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Urbanisation and its undoing

A thought-provoking stacked stone installation, ‘While we Wait’ explores several topical issues, including the changing dynamics between nature and architecture

“In this delicate stone shelter, we will wait and we will testify that all the vanishing isles of the world did indeed once exist”.

So ends an evocative text by Karim Kattan, who spent his childhood in the Cremisan Valley, located on the seam line between the West Bank and Jerusalem. A film shot at close range of the writer reciting the text within brothers Elias and Yousef Anastas’s ‘Stone Sourcing Space’ in a neighbouring landscape opens the second iteration of the exhibition ‘While We Wait’ at Alserkal Avenue’s Concrete. The show has been curated by Salma Tuqan of the Victoria and Albert Museum.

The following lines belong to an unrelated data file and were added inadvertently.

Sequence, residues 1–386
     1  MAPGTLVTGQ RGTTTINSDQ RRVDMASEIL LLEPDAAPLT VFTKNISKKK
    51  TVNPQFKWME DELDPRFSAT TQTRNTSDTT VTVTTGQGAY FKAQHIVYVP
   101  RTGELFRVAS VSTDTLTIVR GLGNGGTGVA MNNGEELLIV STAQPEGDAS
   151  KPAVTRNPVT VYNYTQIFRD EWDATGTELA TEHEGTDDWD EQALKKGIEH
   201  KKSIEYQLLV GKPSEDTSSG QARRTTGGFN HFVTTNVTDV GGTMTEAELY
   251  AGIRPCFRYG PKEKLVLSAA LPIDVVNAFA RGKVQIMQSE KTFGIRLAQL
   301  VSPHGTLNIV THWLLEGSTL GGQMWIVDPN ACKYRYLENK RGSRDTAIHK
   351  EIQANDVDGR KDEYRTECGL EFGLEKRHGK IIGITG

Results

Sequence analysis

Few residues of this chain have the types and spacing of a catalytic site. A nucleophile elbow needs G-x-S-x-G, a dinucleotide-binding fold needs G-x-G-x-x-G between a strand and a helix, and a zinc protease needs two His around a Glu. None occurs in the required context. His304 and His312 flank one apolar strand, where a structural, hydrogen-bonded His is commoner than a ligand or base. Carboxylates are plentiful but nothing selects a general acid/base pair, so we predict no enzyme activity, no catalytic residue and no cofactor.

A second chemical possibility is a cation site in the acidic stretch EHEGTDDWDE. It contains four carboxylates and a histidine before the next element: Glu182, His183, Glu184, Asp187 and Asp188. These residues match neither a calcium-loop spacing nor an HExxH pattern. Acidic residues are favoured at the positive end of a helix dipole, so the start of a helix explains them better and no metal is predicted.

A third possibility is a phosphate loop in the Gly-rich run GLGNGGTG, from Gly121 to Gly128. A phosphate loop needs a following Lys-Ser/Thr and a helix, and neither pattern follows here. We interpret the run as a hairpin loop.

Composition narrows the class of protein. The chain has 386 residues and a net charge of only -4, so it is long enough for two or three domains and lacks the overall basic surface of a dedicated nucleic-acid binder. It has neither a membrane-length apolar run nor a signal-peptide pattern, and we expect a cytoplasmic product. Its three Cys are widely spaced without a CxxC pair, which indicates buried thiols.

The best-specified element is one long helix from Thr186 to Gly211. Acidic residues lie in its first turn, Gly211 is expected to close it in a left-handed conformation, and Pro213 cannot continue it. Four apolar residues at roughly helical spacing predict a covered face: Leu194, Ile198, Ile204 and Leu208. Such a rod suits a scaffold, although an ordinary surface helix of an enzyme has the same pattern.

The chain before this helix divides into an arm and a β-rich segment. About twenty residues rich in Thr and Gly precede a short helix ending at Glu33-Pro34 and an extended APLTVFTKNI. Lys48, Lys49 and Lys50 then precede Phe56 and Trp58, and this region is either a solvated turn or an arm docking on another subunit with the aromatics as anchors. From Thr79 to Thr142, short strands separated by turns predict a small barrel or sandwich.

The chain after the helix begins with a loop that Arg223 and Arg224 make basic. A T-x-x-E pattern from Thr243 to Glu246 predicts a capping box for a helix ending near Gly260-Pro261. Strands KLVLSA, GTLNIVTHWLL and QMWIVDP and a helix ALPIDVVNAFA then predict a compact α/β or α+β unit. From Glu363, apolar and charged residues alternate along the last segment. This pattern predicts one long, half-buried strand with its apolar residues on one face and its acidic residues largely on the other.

Tuqan met architects Elias and Yousef Anastas on a research trip to Bethlehem four years ago and the commission was born. The 600 individual units making up the exquisite stacked installation were created in Bethlehem using the stereotomy technique, the art of cutting stone that can generate structures which are entirely self-standing. The research department of the brothers’ practice has focused on stone as a material since 2013. As a material, it has a rich history in all types of vaulted constructions in Palestine and the Anastas siblings believe it holds the potential to become a main component in contemporary architecture worldwide.

Yousef gives details of the sophisticated, doubly curved interfaces and choices of stone, saying that the lower, reddish stone is from Jerusalem, the middle piece from Hebron and the top pearly limestone hails from Bethlehem. “The idea is that when it is permanently installed in the Cremisan Valley, you have a gradient from the natural colour of the soil to the colour of the sky,” he explains.

Elias adds, “The project is a reflection on the relationship between architecture and nature, which is completely dissolving in the race to urbanise.”